I have some pc headphones that I use to record songs (just for trying) and when I listen my audio tracks I hear the background noise. I would like to know, if I buy a good microphone suitable for recording songs (I was thinking about a Rode NT-2) the noise will be deleted? Thanks you.
- Anonymous2 months ago
Good microphones, such as those made by AKG, are good because they accurately record the sound. It will not eliminate background noise. You need to find a place where the surroundings are quiet if you do not want background noises. Also, if you sing louder or put the mike closer to your mouth, then you will have a higher signal to noise ratio because you have a stronger signal, so when you play back the audio, you don't have to turn up the volume as much, and that in turn will reduce the background noise.
- Frank SLv 52 months ago
Is it that helicopter sound? If so, i had the same problem with Skype and moved the mic like 2 inches to the left and that stopped it. Be mindful of feedback.
- Robert JLv 72 months ago
There are several different possible sources of "noise", the solution depends on which it is.
Spacemissing is spot on, as far as ambient noise; the better the mic, the better it picks up everything.
However, if you are recording with anything connected directly to a PC, you may also be getting some electrical noise from the PC power supply - or just from the headset itself.
If the noises are like short bursts different tones & series of clicks or rumbles, try recording while opening and closing different programs & see if the noises change more at the times you do things.
Or, if it's just a steady background "hiss" - that is from low quality electronics in the mic and circuitry it connect to.
If it is just environmental noise being recorded, a dynamic mic such as a Shure SM58 plus a suitable audio interface like a Focusrite Scarlett is your best option.
The SM58 is designed for stage use where there is a lot of other noise; they rely on you having them very close to your mouth so your voice is a lot louder than unwanted sounds & they are also somewhat directional so are most sensitive directly in front; less so to the sides.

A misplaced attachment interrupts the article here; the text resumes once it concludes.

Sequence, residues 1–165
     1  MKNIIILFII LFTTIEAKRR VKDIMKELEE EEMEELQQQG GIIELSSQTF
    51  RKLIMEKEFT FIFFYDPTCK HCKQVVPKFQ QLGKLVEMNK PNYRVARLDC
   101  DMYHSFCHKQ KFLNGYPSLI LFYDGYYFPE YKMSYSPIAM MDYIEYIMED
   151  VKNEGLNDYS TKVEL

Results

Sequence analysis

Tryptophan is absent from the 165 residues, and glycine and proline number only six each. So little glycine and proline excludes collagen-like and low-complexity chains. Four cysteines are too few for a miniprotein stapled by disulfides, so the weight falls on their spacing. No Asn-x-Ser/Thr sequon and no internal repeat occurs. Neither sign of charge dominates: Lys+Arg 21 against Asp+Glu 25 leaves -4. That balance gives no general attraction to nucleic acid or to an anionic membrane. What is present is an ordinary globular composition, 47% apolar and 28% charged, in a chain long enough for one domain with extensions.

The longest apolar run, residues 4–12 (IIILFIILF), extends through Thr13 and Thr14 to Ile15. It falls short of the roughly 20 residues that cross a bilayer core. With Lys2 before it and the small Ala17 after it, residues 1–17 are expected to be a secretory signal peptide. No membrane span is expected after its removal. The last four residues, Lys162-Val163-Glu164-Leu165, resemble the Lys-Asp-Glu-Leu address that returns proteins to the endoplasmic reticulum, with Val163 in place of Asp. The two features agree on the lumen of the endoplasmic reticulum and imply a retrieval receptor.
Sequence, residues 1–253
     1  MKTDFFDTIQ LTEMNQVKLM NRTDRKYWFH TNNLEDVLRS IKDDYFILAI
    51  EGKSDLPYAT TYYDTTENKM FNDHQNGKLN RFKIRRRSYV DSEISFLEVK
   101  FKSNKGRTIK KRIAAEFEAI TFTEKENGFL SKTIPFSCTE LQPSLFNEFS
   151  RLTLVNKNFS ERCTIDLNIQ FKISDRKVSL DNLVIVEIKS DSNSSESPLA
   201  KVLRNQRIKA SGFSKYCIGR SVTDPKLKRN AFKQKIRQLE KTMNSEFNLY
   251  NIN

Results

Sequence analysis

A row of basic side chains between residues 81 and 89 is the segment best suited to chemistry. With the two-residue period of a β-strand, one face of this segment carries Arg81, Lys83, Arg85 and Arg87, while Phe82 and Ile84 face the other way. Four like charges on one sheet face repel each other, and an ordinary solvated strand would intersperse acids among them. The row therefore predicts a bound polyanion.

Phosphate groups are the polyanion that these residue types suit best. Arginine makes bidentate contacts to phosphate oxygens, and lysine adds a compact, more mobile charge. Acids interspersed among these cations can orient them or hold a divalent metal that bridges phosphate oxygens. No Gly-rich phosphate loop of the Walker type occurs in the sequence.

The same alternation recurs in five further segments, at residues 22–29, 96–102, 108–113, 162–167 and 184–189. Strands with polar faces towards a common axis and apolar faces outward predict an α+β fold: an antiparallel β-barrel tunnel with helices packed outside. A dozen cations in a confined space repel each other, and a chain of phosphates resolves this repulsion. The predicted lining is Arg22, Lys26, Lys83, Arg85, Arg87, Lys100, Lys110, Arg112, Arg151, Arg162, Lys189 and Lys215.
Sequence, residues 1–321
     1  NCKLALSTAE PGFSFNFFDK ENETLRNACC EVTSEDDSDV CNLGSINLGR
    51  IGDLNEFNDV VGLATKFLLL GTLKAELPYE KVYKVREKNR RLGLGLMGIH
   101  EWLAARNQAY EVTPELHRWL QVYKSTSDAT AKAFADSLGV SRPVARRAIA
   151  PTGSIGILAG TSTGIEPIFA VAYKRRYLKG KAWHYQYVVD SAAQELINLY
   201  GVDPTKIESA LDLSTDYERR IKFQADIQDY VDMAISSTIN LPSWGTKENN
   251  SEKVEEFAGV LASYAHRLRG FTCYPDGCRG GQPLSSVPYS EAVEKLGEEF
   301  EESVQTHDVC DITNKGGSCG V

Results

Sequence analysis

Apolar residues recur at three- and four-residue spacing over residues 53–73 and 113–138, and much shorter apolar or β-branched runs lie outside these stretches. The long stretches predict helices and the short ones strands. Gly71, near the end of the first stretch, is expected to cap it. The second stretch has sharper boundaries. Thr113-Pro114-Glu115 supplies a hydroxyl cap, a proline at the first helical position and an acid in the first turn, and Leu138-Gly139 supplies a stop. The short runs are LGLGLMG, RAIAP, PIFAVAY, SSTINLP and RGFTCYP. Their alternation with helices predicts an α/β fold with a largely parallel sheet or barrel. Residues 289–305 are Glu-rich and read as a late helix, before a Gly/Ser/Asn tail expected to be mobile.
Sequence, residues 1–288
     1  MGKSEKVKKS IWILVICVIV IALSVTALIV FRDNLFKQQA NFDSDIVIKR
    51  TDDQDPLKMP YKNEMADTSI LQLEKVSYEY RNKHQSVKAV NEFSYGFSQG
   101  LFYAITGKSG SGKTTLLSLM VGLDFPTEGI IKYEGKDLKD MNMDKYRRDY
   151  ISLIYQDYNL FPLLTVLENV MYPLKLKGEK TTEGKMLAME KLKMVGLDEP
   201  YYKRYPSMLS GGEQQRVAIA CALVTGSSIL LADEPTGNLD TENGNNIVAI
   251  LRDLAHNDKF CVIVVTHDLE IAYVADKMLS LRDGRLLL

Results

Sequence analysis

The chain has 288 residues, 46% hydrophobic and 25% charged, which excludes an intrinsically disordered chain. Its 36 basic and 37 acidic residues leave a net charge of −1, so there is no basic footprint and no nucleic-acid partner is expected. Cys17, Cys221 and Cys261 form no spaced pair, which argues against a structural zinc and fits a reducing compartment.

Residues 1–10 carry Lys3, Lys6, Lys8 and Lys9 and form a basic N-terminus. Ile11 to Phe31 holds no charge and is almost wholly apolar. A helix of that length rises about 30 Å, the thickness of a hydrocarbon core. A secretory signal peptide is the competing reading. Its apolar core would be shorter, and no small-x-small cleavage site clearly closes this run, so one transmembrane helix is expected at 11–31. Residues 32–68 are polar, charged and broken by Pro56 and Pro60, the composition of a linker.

Computer electrical noise should not happen when using a good audio interface & with one of those you can use any professional type mic you wish.
Just be wary of scams - many so-called condenser or studio condenser mics on sale are actually just cheap electret ones in oversize casings at inflated prices.
The MXL ones such as 990, V67, V87 etc. are true condenser types.
The Rhode is also a true condenser type, though the original NT2 is more like the $100 V67 than the $250 V87 for internal noise; 14 dBa for the NT2 vs 8.5 dBa for the V87.
The NT2a is better again, just 7.0 dBa
- spacemissingLv 72 months ago
I have to presume that you mean noises other than those you intended to record.
Well, to begin with, microphones can't discriminate between
intended and unintended sounds.
They respond to all sounds in proportion to the relative loudness of each sound.
You have to make the environment (room) as quiet as possible.
There are many ways to do that, including having heavy drapes,
lots of upholstered furniture, wall-to-wall carpet,
and other sound-absorbent materials.
Using a dynamic mic rather than a condenser or electret mic can help a lot.
It is a good idea to make an experimental five-minute recording of the "silent" room
and then play it back using fully enclosed circumnaural headphones
so you can get an idea of the real situation.
Sounds from outdoors can be a problem
even in well-isolated professional recording studios,
so you are Not alone in this!